March 4. 2024. 6:32

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RT Germany to shut down following latest EU sanctions

The German branch of Kremlin-backed outlet Russia Today (RT DE) will shut its doors following the latest round of EU sanctions, a month after its French counterpart was forced to do the same.

RT DE announced the termination of its journalistic activities on Friday (3 February) in response to the ninth package of EU sanctions on Russia following its aggression in Ukraine, rolled out in December.

The news follows the closure of RT France last month, in which the media outlet ceased journalistic activity in the country after Paris froze its assets under the measures imposed by Brussels.

In a statement released late last week, RT DE announced that it would cease its journalistic operations in Germany in reaction to EU restrictions, denouncing what it described as the EU’s “repressive restrictions on press and media freedoms”, which it said had forced the decision.

The outlet had been operating at a diminished capacity following the first tranche of sanctions last March, which banned the broadcasting activities of five RT branches and fellow Kremlin-backed media, Sputnik.

The measures, which came in the form of economic sanctions and were described at the time of their release as targeting companies “at the core of the Kremlin’s propaganda machine”, were intended to stem the tide of disinformation linked to the war.

EU rolls out new sanctions banning RT and Sputnik

The EU has imposed economic sanctions on Russian state media outlets RT and Sputnik for what officials describe as their “essential and instrumental” role in bringing aggression towards Ukraine and destabilising neighbouring countries.

The move was not wholly welcomed by the media sector, however. For example, the European Federation of Journalists warned that media was national, rather than Union-level, competence and that it would be “counterproductive” and a form of censorship that could threaten freedom of expression more broadly in Europe.

The most recent round of sanctions expanded the list of outlets whose broadcast licences have been suspended, with four new additions: NTV/NTV Mir, Rossiya 1, REN TV and Pervyi Kanal.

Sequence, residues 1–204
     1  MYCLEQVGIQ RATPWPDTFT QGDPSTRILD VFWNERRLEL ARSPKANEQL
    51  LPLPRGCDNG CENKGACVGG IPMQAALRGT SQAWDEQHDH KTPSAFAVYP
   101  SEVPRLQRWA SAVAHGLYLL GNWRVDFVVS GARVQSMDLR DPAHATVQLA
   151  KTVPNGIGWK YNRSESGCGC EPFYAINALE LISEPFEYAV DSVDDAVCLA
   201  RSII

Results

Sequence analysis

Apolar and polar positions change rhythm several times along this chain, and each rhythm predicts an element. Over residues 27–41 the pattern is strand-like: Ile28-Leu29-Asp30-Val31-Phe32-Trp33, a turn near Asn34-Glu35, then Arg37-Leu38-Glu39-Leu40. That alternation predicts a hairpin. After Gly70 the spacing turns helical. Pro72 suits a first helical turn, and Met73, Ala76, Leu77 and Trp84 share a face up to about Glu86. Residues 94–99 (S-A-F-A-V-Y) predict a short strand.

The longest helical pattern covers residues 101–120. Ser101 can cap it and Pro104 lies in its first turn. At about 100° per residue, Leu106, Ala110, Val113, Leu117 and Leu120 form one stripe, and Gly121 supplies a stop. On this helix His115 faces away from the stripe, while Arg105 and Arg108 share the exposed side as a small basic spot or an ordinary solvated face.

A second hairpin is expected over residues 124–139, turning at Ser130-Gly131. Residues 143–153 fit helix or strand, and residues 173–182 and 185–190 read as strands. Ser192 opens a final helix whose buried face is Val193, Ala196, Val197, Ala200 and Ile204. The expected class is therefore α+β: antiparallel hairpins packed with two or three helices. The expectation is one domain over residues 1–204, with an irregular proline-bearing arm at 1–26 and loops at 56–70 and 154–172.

Per the terms of the sanctions, the outlets have not been banned from conducting other forms of journalistic activity, such as research and interviews. The introduction of successive rounds of sanctions has, however, meant that the media organisations no longer have the financial capacity to continue working.

“The ninth package of EU sanctions cut off funding for RT DE Productions, making it impossible for the company to continue its journalistic activities in Germany”, RT DE’s CEO, Dinara Toktosunova, wrote on Telegram.

“The website and TV channel RT DE will continue to operate outside the EU, from Moscow,” she added.

RT France similarly shuttered its operations in January after the French treasury froze its assets in line with Brussels’ sanctions. Shortly after, a source from the Russian foreign ministry was quoted as saying that Moscow would retaliate against French media in Russia.

Russia vows to retaliate after RT accounts frozen in France

Moscow will retaliate against French media in Russia after the bank accounts of RT France, the French arm of its state broadcaster, were frozen, Russian news agencies quoting an anonymous foreign ministry source reported Saturday (21 January).

Media within Russia have faced heightened restrictions since the onset of the Russia’s full-scale invasion of Ukraine almost one year ago. Shortly after it began in February 2022, new laws introduced by the Kremlin brought in penalties of up to 15 years for spreading “false information”, including describing the invasion as such.

As a result, numerous foreign outlets closed their Russian bureaus, and many independent media were forced to leave the country.

However, relocating editorial operations abroad has not been smooth sailing for all.

In December, exiled TV Rain (Dozhd), which was forced off the air in Russia in March 2022 and subsequently established bases in the EU, had its Latvian TV licence revoked after one of its journalists implied that the channel could contribute to the Russian war effort.

The presenter was subsequently fired, and TV Rain apologised to viewers. In January, Dutch regulators granted the station a new license, making its Amsterdam studio its main editorial centre but retaining its offices in Riga.

Russia’s exiled TV Rain licensed in Netherlands after Latvian removal

Independent Russian channel, TV Rain, has been granted a broadcasting license in the Netherlands after the permit it had been given by Latvia was revoked last month.